In a reform to air passenger duty (APD), domestic flights will have a lower rate of duty than international flights. Nine million passengers fly within the UK each year, often for business purposes and so this will be welcome news for frequent fliers, but one has to question whether this flies against the government’s intention of cutting the UK’s emissions. Arguably, the environmental impact of reducing the cost of internal flights is offset by an increase in duty for ultra long haul flights, which means you can get as far as North Korea should you want to… and travel across the EU without additional charge.
Businesses will also see an extension to tax breaks for corporation tax. The £1m annual investment allowance will no longer end in December as planned, being extended until March 2023. Although businesses will have to face an increase in corporation tax in 2023, the bank levy will be reduced at the same time, reducing the levy from 8% to 3%. This means that while every company’s tax rate will be increasing by 6%, while for banks, this will rise by 7%.
The Budget gave confirmation that the residential property developers tax will be levied at 4% of profits in excess of £25million starting 2022. This is designed to support the costs of removing unsafe cladding, but one has to wonder whether this will be enough to raise the funds required.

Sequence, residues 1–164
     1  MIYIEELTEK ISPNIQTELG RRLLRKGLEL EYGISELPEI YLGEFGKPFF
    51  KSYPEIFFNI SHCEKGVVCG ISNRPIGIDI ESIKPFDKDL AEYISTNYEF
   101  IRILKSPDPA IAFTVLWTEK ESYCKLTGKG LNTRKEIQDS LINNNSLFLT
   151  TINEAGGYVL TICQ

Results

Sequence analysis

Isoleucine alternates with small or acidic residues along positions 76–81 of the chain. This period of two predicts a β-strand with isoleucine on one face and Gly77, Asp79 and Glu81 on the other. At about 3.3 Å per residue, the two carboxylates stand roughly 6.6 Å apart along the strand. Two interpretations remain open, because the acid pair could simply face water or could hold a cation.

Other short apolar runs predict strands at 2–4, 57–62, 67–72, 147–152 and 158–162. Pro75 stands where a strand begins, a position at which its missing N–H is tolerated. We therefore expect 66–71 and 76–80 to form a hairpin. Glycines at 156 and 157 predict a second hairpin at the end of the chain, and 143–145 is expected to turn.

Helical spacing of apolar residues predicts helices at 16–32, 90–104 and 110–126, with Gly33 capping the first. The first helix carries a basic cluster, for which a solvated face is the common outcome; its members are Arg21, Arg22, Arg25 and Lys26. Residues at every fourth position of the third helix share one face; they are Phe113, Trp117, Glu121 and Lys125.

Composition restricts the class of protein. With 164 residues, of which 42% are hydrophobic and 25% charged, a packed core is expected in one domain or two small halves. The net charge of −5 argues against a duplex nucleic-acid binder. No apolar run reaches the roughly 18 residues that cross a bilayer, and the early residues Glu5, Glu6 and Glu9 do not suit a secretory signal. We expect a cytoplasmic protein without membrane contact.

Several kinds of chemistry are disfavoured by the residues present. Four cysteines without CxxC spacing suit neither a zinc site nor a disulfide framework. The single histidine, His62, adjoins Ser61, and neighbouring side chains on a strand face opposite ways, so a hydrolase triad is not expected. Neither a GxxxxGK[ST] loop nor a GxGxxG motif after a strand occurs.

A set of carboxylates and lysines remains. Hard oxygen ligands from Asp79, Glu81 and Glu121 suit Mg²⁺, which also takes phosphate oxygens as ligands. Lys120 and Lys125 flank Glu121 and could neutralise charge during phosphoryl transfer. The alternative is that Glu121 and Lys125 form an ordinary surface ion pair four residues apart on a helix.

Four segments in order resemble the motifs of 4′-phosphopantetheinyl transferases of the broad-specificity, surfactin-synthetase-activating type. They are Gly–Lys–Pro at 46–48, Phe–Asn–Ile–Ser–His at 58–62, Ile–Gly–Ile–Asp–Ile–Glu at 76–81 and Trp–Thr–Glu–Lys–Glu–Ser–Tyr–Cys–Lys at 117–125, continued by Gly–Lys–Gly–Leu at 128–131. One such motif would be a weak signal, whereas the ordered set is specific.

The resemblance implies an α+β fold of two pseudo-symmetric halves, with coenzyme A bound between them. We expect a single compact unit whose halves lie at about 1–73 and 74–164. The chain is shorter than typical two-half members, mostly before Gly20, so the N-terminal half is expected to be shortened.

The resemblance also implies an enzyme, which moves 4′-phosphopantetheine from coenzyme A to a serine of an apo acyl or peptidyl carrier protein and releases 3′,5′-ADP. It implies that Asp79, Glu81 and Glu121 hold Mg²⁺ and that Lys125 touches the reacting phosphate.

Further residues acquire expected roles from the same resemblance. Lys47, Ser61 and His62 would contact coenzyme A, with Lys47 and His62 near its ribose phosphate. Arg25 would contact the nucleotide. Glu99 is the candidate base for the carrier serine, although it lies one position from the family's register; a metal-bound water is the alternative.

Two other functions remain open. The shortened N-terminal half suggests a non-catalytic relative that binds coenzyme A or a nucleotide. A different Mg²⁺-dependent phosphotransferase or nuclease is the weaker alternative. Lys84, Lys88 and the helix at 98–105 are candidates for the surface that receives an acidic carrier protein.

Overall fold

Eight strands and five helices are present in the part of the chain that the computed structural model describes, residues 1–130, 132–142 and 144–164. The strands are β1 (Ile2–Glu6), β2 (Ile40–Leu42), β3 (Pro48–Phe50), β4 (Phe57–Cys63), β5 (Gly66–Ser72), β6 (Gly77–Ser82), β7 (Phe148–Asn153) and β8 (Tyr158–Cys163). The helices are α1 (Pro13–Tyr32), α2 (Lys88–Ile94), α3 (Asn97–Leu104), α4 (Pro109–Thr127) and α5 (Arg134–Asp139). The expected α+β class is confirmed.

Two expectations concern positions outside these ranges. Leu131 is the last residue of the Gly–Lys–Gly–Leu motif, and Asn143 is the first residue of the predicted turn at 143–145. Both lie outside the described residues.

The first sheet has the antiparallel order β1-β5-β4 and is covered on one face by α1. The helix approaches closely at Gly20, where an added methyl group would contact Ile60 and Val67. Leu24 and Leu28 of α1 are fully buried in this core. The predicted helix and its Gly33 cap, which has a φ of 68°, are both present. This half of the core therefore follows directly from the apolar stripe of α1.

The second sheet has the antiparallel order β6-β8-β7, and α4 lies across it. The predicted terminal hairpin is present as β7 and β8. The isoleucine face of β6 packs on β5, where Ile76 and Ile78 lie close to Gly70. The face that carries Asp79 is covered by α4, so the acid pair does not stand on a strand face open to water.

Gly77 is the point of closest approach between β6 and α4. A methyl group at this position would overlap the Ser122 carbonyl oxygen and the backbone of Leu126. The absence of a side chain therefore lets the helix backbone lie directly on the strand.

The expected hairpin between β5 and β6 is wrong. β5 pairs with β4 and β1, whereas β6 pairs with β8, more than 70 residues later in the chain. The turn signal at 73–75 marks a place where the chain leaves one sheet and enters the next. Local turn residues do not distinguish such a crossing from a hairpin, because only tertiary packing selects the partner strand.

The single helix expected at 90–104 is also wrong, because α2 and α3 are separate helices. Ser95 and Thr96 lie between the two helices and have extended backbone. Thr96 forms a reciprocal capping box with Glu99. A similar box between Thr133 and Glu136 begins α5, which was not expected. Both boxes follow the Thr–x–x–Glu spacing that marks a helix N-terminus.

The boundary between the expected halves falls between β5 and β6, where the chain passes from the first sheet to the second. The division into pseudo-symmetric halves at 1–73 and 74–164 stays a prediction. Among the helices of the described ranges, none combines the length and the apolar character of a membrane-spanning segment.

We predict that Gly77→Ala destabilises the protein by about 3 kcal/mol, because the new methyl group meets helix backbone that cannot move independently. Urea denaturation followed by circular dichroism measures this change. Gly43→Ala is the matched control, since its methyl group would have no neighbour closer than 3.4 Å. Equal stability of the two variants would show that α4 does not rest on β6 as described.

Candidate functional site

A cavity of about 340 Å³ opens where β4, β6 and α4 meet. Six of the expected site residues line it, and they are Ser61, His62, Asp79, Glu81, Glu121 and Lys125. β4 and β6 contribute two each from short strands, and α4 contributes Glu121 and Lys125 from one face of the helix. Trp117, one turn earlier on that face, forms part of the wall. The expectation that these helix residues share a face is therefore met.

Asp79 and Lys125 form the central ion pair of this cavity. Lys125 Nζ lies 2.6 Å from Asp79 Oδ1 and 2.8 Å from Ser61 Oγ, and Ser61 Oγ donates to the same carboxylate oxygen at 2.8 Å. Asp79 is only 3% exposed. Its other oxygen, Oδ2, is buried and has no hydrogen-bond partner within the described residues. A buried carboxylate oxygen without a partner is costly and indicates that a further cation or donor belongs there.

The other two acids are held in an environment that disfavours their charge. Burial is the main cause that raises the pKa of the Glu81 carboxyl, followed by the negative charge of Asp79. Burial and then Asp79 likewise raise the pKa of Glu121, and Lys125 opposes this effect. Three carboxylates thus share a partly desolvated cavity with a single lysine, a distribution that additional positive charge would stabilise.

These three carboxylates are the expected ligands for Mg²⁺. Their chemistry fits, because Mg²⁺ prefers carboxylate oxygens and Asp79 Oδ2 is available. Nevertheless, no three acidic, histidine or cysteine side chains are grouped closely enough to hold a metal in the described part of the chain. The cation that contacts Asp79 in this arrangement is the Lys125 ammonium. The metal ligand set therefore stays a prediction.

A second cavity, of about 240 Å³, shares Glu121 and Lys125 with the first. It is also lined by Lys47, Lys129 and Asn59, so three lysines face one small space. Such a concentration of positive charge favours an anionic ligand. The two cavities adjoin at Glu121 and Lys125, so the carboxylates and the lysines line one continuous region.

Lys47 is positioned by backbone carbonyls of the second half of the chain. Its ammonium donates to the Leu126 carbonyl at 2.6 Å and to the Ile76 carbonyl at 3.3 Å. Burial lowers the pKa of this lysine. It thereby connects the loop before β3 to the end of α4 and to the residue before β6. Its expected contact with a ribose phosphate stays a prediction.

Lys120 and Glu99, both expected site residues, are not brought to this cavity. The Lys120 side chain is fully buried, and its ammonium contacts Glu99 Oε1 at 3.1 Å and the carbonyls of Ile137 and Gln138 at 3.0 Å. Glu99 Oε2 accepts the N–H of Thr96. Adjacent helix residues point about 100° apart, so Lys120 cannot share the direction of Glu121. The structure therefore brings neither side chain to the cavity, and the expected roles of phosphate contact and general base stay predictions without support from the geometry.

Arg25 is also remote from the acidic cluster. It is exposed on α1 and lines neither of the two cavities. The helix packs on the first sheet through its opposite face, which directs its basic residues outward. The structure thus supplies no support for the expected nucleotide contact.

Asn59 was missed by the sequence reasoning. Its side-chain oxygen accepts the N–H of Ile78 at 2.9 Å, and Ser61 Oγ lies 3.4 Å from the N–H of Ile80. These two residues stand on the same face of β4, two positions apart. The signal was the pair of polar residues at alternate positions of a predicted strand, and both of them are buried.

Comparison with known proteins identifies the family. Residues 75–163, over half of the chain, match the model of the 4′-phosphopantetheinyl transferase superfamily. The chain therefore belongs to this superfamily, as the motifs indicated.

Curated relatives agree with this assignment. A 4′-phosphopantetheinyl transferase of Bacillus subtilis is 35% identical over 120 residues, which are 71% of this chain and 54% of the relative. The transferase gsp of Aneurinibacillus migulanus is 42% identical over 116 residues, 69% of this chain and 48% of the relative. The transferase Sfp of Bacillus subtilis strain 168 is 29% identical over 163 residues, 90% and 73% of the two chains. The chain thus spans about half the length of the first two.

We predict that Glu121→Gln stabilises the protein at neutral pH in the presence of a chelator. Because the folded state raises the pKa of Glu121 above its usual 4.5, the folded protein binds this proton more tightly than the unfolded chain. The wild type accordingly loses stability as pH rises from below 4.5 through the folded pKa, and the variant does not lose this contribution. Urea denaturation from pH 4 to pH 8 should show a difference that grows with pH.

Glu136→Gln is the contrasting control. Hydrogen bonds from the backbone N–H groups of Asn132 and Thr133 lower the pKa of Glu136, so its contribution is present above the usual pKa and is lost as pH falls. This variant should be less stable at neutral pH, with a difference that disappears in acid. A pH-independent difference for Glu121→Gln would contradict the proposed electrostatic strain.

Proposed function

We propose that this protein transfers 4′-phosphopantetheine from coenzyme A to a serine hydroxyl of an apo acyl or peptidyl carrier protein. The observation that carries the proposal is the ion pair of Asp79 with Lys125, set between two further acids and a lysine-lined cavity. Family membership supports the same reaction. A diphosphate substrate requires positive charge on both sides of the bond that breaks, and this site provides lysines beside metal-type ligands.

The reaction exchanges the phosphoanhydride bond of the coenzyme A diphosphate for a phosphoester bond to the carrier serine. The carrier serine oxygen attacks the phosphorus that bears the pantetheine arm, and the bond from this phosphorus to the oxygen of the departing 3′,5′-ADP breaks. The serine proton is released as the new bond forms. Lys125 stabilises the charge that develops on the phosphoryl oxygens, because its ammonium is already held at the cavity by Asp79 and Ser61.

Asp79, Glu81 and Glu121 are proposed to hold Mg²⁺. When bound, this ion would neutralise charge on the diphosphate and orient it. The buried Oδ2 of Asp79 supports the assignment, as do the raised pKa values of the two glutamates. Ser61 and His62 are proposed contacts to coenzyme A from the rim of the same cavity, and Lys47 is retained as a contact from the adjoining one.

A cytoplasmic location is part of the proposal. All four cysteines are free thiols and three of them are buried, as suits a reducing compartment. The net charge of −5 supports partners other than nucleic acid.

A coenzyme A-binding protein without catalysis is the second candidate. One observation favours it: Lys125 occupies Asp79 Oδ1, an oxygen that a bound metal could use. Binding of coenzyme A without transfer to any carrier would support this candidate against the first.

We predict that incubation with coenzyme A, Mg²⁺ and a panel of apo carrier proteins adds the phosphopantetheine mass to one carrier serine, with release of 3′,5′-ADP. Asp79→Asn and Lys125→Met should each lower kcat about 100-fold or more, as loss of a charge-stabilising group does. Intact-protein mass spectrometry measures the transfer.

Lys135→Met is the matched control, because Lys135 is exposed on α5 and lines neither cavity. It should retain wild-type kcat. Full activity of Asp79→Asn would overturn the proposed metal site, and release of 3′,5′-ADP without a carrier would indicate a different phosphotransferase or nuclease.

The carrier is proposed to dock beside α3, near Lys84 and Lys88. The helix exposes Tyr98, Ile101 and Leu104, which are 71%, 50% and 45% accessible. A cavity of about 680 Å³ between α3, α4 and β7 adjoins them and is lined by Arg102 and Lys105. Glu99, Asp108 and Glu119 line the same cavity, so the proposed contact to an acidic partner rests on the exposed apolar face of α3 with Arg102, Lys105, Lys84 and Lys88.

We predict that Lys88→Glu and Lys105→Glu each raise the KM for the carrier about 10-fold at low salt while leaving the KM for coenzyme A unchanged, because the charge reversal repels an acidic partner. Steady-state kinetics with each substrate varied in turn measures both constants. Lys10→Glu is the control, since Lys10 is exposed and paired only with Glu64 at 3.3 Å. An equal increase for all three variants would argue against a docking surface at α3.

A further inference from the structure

Good infrastructure such as roads, rail, public transport and sustainable transit systems impact businesses and individuals across the country, whether they use them or have a hand in creating or maintaining them. The Chancellor’s announcement of a £130bn investment in infrastructure is therefore money well spent, even if it isn’t as immediately satisfying as a tax relief.
As is always the case, there were many things which business leaders, accountants and media commentators had hoped-for which were absent from the Chancellor’s speech. This included new green taxes on emissions, simplification of complex schemes such as Inheritance Tax and Capital Gains Tax or even the much-discussed idea of a wealth tax. While many will be pleased to see fuel duty frozen once again, this too could have been a missed opportunity to raise vast sums for the treasury while also discouraging the use of fossil-fueled vehicles.
Throughout this budget, there were several times where the Chancellor acknowledged faults or misjudgements with tax systems, reliefs or benefits, such as the R&D tax reliefs, and set out how these will be improved. With this in mind, it was surely another missed opportunity to have a more radical overhaul of the overly complicated tax system.
For more analysis on the Budget, please click here to access our summary.